The BRFS, like all surveys, selects and obtains information from a sample of a larger population and calculates **estimated** percentages or subpopulation sizes. Two different samples taken from the same population at the same time will not yield exactly the same estimates. This means that estimates derived from a sample always have some degree of uncertainty around them.

The mathematical principles of statistical theory can be applied to survey design and sampling, observation weighting, and calculating estimates. This allows us to know, with some specific level of confidence, how large that degree of uncertainty around an estimate is. This is a **confidence interval** (CI). The confidence interval or amount of uncertainty is then measured as, for example, some range of percentage points around an estimated percentage; some plus-or-minus number of points.

A common **level of confidence** used in survey research is 95%. This means that typically 95 of 100 different samples from the same population will produce an estimate within a calculated confidence interval around one sample?s estimate. (This assumes the sampling followed procedures that did not seriously violate the mathematical assumptions behind the statistical theory, especially the assumption of random selection of each observation or interview.)

The tables in the BRFS module show both estimated percentages and confidence intervals. For example, in 2005 the statewide estimated percentage of adults currently smoking was 20.7%. The 95% confidence interval around that estimate is +/- 1.1%. We are 95% confident that the actual percentage of smokers in the whole adult Wisconsin population in 2005 was between 19.6% and 21.8% (20.7% ± 1.1%).

Researchers would like confidence intervals to be as small as possible. First, less uncertainty around an estimate makes the estimate more useful. Second, when comparing two estimates for differences between, say, men and women, we can make a more precise test for **statistically significant differences** the smaller the confidence intervals are around the estimates. When confidence intervals overlap, we cannot be sure that differences in the estimates are not due just to sampling uncertainty. When CIs do not overlap, then we can say there is at least a statistical difference between the estimates. (This may or may not be a meaningful difference in real-world terms.)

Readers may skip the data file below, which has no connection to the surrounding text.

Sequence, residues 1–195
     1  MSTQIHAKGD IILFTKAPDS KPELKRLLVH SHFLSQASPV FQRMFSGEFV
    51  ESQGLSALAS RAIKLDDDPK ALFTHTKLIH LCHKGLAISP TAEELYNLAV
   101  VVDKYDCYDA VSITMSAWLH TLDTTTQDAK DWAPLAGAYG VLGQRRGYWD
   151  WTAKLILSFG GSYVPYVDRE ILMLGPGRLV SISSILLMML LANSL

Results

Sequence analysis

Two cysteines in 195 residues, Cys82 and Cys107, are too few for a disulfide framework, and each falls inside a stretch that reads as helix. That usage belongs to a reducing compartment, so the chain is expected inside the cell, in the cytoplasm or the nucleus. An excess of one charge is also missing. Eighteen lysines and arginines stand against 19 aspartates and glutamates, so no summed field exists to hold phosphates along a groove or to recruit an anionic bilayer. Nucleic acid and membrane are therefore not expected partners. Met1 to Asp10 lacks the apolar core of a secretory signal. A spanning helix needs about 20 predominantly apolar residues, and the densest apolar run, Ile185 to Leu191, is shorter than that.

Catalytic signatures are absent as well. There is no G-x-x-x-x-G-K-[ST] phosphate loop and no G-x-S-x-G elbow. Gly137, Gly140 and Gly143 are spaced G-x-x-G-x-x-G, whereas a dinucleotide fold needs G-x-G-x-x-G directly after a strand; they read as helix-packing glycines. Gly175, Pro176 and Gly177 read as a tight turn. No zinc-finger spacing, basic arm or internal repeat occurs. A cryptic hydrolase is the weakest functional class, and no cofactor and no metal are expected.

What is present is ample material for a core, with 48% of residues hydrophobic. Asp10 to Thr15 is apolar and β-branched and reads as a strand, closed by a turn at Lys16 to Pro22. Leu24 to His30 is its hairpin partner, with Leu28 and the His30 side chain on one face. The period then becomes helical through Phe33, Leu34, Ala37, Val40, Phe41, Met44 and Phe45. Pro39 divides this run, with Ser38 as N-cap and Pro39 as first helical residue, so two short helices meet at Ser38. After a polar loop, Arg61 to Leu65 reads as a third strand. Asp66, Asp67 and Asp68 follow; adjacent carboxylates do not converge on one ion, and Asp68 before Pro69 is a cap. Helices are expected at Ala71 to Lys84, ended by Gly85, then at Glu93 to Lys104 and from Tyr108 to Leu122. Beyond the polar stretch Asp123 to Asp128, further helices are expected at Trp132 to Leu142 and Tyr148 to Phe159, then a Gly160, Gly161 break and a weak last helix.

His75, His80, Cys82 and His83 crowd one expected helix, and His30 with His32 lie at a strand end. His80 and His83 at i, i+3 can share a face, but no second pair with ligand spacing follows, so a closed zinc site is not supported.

In 2005, the Wisconsin BRFS estimates that 21.9% of men +/- 1.8% smoke, as compared to 19.4% of women +/- 1.5%. Is the difference between men and women statistically significant? (

Answer shown at end of this section.)

Three main factors affect the size of a confidence interval. One is how confident you wish to be that the true percentage in the population is within the interval. The higher your desired confidence, the wider the interval will need to be: a 99% confidence interval will be wider than a 95% interval. This module calculates confidence intervals around the percentage estimates using a 95% level of confidence.

The second factor is the size of the sample used for the estimate. The larger the sample, the smaller the confidence interval will be. (The advantages of larger samples diminish above a certain point, however. There is little increase in advantage as sample size increases above about 400.)

Note: You can reduce a confidence interval by increasing the sample size. The easiest way to do this is by including more years of sample observations in your query.

We recommend using a sample size of at least 100 in any query, and a larger sample than that would be well advised.

The third influence on the size of a confidence interval is the estimated percentage itself. Percentages close to 50% have the largest CI for a sample size and confidence level. The CI decreases as the estimated percentage becomes smaller or larger than 50%. For a sample of 300 and a confidence level of 95%, the CI around 50% is +/- 5.7%; the CI around 5% or 95% is +/- 2.5%. This factor is automatically built into the calculations in the BRFS module of WISH.

[*Answer: Not a statistically significant difference in smoking rates since the CI?s overlap.*]

### HOW TO CALCULATE CONFIDENCE INTERVALS

FOR POPULATION ESTIMATES

The output tables show the 95% CI for percentages but do not show the CI around the estimates of the numbers of persons in a category. This population estimate 95% CI may be calculated using the CI from the corresponding percentage.

Population confidence interval range = R = (A/B)*D, where

A = Percentage confidence interval range,

B = Estimated percentage, and

D = Estimated population.

Confidence interval around estimated population = CI = D (+/-)R

**Example**

In 2005 the estimated percentage of current smokers among Wisconsin adults was 20.7%, with a confidence interval of +/- 1.1%. The estimated population of current smokers was 850,900.

First, calculate the range of the population confidence interval:

R = (1.1/20.7)*850,900 = 45,217 (or 45,200 rounded to the nearest 100)

Then calculate the confidence interval by applying the range to the estimated population:

CI = 850,900 +/- 45,200

In other words, there is a 95% probability that in 2005 the true number of adult smokers in Wisconsin fell within the range of 805,700 - 896,100 people.